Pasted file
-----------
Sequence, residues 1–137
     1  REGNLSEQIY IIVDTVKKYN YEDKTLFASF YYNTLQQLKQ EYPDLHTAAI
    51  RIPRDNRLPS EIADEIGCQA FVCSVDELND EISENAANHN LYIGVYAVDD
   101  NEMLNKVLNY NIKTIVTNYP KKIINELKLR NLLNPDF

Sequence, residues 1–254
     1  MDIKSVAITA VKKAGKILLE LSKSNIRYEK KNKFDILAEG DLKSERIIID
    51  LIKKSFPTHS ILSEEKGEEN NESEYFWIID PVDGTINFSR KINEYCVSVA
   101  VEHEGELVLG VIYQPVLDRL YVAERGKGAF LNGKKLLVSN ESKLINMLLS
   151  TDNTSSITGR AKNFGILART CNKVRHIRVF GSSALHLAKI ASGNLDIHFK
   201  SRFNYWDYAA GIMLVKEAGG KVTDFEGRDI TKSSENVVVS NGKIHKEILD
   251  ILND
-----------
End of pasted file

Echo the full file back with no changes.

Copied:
Sequence, residues 1–137
     1  REGNLSEQIY IIVDTVKKYN YEDKTLFASF YYNTLQQLKQ EYPDLHTAAI
    51  RIPRDNRLPS EIADEIGCQA FVCSVDELND EISENAANHN LYIGVYAVDD
   101  NEMLNKVLNY NIKTIVTNYP KKIINELKLR NLLNPDF

Sequence, residues 1–254
     1  MDIKSVAITA VKKAGKILLE LSKSNIRYEK KNKFDILAEG DLKSERIIID
    51  LIKKSFPTHS ILSEEKGEEN NESEYFWIID PVDGTINFSR KINEYCVSVA
   101  VEHEGELVLG VIYQPVLDRL YVAERGKGAF LNGKKLLVSN ESKLINMLLS
   151  TDNTSSITGR AKNFGILART CNKVRHIRVF GSSALHLAKI ASGNLDIHFK
   201  SRFNYWDYAA GIMLVKEAGG KVTDFEGRDI TKSSENVVVS NGKIHKEILD
   251  ILND